As have been written numerous times before, there’re two things that the Chinese community cherish the most – economy and education. Take any one of these two items away and you’re looking for trouble. So when the British colonial government proposed a national education system in both English and Malay for primary schools and in English for secondary schools back in 1951, as per Barnes Report, the Chinese community in Malaya (later Malaysia) felt their education status and position were threaten.
Hence the birth of Jiao Zong or “The United Chinese Schools Teachers’ Association” in 1951. Later Dong Zong or “United Chinese School Committees’ Association” was established in 1954. While Jiao Zong was setup with objectives to uphold Chinese culture and education and to cooperate with the government in improving Chinese education, Dong Zong was setup to represent school managers and committee members. Jiao Zong and Dong Zong is also known as Dong Jiao Zong due to their close alliance.
From day one the British colonial government didn’t really fancy Dong Jiao Zong as can be witnessed from their salary scheme – Chinese school teachers were paid between $65 – $120 monthly while English school teachers commanded $240 – $400 monthly. Then came along Rahman Talib Report 1960 which suggested that the aspirations of various communities to continue with mother-tongue education were “incompatible” with nation building with Bahasa Melayu as the official language.
Hence the Talib Committee put two options on the table for all Chinese secondary schools – either change medium of instruction to receive government aid or become self-financing private schools. MCA then went on a campaign nationwide to persuade (or rather convert) Chinese secondary schools to drop Mandarin as teaching medium. Needless to say, some 55 Chinese secondary schools who were vulnerable to financial pressure accepted the terms and converted into national schools, while 16 others chose to become independent schools.
Interestingly many well-known and famous Chinese schools were among the 16 that opted out. Later, 21 out of the earlier 55 Chinese secondary schools which agreed to become national schools pulled out to become independent schools instead, with help from Dong Jiao Zong. Till today, there’re 60 Chinese Independent High Schools in Malaysia – 37 in Peninsular, 9 in Sabah and 14 in Sarawak. These schools not only survive without government funding but also flourish as can be seen with the largest secondary school in the country, Foon Yew High School, which attracts over 7,000 students and even have a branch in Kulai.
How do these Chinese schools survive all these decades are no bed-time stories, mind you. Students were deployed to ask (or rather beg) for donations from the public, rain or shine. If there’s one thing that the Chinese are not stingy at, that has to be donations for education. It could be due to these success stories that the Education Ministry wasn’t happy so much so that Chinese Independent High School’s Unified Examination Certificate (UEC) isn’t recognised till today despite the fact it is recognized as a qualification for entrance into universities in the United States, United Kingdom, Singapore, Canada, Australia, Hong Kong, Taiwan and others.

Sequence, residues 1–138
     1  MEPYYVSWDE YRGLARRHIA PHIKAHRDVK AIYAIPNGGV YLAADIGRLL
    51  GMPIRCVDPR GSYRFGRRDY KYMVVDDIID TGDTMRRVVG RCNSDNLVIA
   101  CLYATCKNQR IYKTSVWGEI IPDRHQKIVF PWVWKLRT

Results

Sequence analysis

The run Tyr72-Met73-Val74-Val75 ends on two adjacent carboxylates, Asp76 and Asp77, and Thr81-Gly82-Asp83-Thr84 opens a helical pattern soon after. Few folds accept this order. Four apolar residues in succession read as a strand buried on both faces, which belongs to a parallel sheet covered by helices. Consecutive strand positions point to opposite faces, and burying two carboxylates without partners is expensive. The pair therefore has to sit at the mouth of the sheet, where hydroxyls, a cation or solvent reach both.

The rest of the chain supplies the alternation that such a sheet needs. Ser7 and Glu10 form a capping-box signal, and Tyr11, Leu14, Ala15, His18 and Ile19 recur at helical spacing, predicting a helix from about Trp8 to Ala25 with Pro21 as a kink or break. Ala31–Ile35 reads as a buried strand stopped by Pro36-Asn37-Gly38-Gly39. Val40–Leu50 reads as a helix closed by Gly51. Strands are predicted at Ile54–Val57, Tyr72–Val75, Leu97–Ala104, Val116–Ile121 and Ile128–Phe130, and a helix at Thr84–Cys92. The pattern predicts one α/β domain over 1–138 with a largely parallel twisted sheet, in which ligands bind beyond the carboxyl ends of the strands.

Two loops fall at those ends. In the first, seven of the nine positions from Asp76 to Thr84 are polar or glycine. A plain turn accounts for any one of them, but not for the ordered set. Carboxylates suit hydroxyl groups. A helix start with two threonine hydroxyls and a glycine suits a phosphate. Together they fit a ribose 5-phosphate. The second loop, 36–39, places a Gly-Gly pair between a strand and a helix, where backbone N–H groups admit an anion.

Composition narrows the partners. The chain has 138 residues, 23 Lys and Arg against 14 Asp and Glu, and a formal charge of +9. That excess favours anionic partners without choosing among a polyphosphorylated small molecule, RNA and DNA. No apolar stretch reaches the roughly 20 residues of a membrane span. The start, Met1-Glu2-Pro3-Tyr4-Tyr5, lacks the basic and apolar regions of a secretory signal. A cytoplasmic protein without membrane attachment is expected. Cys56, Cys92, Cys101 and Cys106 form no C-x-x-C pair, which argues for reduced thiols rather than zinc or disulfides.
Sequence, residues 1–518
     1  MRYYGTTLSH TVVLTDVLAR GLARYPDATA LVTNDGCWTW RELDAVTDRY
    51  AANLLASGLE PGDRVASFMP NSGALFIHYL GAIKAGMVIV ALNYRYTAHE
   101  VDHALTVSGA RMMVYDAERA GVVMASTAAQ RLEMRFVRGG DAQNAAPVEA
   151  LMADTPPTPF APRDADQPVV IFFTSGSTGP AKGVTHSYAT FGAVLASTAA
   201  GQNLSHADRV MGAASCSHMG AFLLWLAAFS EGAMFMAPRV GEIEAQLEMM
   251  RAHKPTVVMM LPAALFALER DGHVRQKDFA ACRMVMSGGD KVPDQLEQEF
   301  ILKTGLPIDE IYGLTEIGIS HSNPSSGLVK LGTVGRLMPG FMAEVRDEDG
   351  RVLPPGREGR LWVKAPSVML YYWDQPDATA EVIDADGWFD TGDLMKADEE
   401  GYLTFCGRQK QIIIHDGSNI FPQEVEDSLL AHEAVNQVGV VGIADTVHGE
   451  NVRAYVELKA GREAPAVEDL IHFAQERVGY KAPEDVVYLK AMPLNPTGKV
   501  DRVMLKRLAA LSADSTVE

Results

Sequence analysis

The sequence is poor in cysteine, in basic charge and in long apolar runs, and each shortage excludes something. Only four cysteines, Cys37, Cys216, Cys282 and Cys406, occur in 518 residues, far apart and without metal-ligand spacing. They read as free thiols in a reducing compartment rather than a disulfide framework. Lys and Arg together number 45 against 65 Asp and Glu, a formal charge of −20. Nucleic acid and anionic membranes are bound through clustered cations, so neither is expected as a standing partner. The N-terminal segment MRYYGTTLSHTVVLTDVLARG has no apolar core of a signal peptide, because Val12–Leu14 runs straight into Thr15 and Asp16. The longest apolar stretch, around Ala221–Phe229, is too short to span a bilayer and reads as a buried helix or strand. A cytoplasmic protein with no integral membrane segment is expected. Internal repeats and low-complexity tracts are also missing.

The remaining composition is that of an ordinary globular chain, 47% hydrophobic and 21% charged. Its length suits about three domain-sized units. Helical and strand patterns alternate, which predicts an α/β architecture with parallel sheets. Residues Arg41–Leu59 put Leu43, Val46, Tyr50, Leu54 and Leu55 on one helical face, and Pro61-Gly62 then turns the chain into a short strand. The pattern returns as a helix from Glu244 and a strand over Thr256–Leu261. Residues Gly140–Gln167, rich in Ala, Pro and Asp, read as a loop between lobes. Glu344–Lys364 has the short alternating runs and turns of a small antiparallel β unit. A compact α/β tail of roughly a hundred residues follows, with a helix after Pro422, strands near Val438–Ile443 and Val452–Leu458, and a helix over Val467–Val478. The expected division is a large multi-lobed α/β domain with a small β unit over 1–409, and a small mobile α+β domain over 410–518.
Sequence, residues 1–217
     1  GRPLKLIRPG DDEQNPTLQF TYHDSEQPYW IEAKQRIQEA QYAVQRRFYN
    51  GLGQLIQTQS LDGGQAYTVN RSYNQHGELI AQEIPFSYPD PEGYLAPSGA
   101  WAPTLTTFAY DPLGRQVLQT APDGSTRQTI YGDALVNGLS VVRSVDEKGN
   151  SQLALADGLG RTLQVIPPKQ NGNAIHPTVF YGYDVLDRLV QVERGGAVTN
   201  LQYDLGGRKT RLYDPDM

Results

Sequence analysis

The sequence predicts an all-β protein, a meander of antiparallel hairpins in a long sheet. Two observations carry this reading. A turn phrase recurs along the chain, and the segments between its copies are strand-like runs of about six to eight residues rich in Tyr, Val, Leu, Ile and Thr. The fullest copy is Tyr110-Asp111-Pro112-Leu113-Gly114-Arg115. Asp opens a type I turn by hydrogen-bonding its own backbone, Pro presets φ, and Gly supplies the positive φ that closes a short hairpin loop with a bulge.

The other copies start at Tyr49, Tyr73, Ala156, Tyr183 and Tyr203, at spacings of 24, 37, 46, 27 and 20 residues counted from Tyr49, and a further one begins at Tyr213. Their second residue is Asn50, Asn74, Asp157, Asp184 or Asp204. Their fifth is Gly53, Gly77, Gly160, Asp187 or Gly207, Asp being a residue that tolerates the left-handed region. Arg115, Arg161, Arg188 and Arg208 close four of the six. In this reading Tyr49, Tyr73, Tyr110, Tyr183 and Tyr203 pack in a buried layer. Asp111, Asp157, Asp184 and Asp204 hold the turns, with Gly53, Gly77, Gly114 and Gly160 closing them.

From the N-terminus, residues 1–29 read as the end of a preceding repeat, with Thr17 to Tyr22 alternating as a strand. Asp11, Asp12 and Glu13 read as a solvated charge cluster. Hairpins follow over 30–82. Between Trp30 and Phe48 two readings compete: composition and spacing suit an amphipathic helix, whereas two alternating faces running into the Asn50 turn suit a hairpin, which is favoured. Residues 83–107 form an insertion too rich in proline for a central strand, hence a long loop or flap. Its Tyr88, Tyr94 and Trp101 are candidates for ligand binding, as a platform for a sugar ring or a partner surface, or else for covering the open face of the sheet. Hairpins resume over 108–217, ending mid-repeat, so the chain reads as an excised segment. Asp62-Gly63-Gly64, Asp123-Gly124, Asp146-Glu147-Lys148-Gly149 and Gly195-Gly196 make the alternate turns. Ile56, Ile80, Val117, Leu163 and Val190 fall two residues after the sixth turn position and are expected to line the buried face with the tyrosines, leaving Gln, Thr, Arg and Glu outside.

Do you know that UEC is recognised by the National University of Singapore (NUS) and students with the UEC are taken in as first year students even without the STPM? And do you know that an applicant will need to have good results to enrol into these schools especially in Kuala Lumpur and Johor? In fact, thousands of applicants were rejected because of the entrance exam introduced due to overwhelming response. And when you can only enter with a minimum score of 4As and 3BS in the UPSR exam, you don’t have to be a genius to figure out why the rush to such schools.
In 1987, the vocal Dong Jiao Zong got into trouble when it rallied support nationwide in opposing government’s move in sending some 100 non-Mandarin speaking Chinese to Chinese schools as administrative staff. The then prime minister Mahathir took the opportunity to arrest Jiao Zong and Dong Zong presidents together with opposition leaders in the infamous “Operation Lallang”, but not before labelling both groups “communist” and “extremist”. Interestingly, the current Prime Minister Najib Razak (then UMNO Youth Chief) threatened to bathe a keris (dagger) in Chinese blood shortly before the same crackdown.
Today, we read how Deputy Education Minister Wee Ka Siong cried wolf as he was chased out by Chinese community during a rally which was organized by Dong Zong. Heck, the MCA Youth Chief was not only booed, heckled and jeered by a crowd of 7,000 (some claimed 10,000) people but also narrowly missed a punch from an angry “Uncle” as the minister was leaving the event. Thanks to about 20 uniformed police and Rela personnel who formed a human wall around him, Wee Ka Siong only suffered “lightly hit on the face”.
Obviously Wee Ka Siong was “shocked” and “saddened” by the jeers and scuffles, not to mention the embarrassment. It was absolutely correct for Wee to say hooliganism is not part of a civilised society. So was the “Uncle” who tried to punch him a hooligan or merely a burst of anger after reaching a boiling point of over 40 years of unresolved problems? The fact that the shortage of Chinese schools teachers started as far back as 1968 and the Education Ministry despite aware of the issue chose to ignore it goes to show how a last minute drama by Wee would not do the trick (anymore).